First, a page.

Back-to-school season has fueled immediate covid outbreaks. Instead of beefing up protections, some districts are letting students go without masks, physical distancing and quarantines. And parents are left to make impossibly tough decisions.
Efforts by states and the private health plans that many states pay to cover low-income Americans has been scattershot and hampered by a lack of data.
The FDA’s formal approval of the first vaccine to prevent covid-19 may or may not prompt doubters to go out and get shots, but it has clearly prompted employers to make vaccination a work requirement. Meanwhile, moderates and liberals in the U.S. House put aside their differences long enough to keep a giant social-spending bill on track, at least for now. Joanne Kenen of Politico, Tami Luhby of CNN and Sarah Karlin-Smith of the Pink Sheet join KHN’s Julie Rovner to discuss these issues and more. Plus, for “extra credit,” the panelists suggest their favorite health policy stories of the week they think you should read, too.
Students in many places are starting the new school year with their masks off — even in one Colorado county that was one of the nation’s first delta variant hot spots.
Big Bend Regional Medical Center, the only hospital in a sparsely populated region of West Texas, announced that because of a nursing shortage its labor and delivery unit must close for days at a time and patients must go instead to a hospital an hour away.
In Texas’ border communities, which are overwhelmingly Hispanic, covid-19 death rates for people under age 65 were double those in the rest of the state and three times the national average. They were also significantly higher than rates in New Mexico border areas.
In 2015, Houston police officers stepped into Alan Pean’s hospital room, closed the door and shot him through the chest. Nearly six years later, his survival has brought the Pean family a wrenching legacy and conflicted sense of purpose.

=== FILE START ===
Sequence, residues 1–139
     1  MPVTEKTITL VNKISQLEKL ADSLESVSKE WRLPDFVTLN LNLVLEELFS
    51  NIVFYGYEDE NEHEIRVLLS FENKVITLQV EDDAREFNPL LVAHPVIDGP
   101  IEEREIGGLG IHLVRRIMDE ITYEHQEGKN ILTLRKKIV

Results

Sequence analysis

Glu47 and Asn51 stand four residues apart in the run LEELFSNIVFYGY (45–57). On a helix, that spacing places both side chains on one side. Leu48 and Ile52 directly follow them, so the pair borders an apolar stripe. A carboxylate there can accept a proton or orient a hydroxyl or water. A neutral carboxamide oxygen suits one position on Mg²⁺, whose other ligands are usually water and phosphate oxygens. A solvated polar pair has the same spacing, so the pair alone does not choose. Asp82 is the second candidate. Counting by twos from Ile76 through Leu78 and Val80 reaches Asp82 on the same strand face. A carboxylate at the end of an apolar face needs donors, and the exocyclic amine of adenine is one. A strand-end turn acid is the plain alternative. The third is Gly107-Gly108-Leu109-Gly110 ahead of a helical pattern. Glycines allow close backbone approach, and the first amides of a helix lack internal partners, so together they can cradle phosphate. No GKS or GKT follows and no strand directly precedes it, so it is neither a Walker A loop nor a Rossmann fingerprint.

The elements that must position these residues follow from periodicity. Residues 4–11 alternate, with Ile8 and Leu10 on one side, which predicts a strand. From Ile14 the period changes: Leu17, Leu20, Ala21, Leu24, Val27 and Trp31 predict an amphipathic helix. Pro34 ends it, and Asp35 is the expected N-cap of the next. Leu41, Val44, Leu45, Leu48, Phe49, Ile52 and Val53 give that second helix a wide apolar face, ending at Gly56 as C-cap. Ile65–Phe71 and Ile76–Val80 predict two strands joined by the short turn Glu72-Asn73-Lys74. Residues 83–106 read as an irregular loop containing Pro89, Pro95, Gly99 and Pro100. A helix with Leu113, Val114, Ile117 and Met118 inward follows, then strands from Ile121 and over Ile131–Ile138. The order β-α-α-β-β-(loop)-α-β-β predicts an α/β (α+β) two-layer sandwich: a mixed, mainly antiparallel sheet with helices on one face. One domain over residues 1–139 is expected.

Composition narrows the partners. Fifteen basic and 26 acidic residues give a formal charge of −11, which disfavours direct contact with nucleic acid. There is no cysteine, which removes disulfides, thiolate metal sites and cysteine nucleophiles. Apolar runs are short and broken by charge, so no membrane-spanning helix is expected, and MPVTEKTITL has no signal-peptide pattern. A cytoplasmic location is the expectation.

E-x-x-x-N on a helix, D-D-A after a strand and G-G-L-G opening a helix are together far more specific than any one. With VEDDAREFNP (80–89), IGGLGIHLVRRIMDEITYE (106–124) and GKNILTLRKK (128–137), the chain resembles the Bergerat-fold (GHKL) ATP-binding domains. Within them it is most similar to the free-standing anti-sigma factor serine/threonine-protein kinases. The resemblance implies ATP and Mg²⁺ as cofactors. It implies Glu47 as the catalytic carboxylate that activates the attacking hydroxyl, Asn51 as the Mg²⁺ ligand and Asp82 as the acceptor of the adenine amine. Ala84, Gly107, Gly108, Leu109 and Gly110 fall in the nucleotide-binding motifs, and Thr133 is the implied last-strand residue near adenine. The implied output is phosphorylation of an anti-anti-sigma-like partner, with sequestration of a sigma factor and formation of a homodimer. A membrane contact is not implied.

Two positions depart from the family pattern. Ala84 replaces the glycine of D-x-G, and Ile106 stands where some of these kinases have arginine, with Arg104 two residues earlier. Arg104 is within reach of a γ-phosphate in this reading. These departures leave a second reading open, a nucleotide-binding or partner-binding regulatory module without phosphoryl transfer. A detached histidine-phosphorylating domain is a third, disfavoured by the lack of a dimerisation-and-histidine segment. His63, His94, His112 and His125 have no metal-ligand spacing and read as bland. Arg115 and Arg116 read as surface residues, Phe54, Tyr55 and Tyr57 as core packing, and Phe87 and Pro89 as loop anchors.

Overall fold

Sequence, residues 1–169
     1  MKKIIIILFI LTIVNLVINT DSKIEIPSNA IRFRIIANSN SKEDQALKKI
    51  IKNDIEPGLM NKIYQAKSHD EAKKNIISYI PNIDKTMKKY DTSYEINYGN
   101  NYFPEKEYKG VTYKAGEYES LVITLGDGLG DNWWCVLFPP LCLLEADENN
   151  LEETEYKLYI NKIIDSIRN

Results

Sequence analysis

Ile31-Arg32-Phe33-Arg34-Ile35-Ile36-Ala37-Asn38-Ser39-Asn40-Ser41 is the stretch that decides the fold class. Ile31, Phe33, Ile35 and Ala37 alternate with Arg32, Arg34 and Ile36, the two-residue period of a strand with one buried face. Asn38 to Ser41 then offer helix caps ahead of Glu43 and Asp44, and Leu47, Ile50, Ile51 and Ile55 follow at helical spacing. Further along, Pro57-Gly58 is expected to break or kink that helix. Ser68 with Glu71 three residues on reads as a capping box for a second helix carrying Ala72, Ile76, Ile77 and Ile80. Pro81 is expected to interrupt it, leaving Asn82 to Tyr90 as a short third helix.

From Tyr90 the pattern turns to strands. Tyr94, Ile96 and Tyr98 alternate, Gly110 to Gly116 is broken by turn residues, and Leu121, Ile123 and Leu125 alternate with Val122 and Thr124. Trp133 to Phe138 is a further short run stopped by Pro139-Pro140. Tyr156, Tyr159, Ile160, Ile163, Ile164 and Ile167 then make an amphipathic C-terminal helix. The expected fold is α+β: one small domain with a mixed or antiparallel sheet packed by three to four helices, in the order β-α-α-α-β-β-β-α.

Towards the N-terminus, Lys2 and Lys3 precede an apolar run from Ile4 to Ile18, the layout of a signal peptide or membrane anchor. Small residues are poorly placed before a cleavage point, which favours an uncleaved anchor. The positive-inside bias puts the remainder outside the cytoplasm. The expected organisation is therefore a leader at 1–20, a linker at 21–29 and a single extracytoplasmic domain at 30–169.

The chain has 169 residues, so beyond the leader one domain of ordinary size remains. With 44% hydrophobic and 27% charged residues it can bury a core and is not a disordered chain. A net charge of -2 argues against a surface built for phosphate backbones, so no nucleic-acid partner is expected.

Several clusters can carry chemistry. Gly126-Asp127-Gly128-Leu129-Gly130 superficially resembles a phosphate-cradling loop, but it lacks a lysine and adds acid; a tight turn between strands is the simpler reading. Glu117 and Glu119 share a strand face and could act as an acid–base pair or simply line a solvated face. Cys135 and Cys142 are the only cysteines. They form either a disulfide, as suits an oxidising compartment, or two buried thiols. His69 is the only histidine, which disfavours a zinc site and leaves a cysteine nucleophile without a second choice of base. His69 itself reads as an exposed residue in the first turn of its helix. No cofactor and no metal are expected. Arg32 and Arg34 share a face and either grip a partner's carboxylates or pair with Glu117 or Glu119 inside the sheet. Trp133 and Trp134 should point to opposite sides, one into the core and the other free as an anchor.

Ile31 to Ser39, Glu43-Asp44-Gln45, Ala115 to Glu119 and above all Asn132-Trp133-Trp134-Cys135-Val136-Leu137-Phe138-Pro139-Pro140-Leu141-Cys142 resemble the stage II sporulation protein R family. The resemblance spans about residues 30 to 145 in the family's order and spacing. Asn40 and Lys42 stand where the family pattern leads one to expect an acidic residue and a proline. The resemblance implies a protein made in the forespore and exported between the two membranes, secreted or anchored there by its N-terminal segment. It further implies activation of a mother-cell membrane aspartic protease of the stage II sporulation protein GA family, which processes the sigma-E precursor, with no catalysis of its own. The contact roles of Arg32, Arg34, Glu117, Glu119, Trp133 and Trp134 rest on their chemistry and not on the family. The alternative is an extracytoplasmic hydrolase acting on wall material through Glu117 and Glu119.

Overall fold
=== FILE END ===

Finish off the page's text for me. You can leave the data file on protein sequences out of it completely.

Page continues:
The Biden administration has started to speed efforts to reverse health policies forged under Donald Trump. Most recently, the administration overturned a ban on fetal tissue research and canceled a last-minute extension of a Medicaid waiver for Texas. That latter move may delay the Senate confirmation of President Joe Biden’s nominee to head the Medicare and Medicaid programs, as Sen. John Cornyn (R-Texas) seeks to fight back. Anna Edney of Bloomberg News, Rachel Cohrs of Stat and Alice Miranda Ollstein of Politico join KHN’s Julie Rovner to discuss these issues and more. Plus, for extra credit, the panelists recommend their favorite health policy stories of the week they think you should read, too.
California stresses equity for minority groups. Texas is all about personal choice and liberty. Both are struggling to vaccinate Latinos and contending with vaccine hesitancy among conservative communities.
For some, a vaccine appointment a few hours away is no biggie. For others, it’s a major barrier to gaining protection from the coronavirus.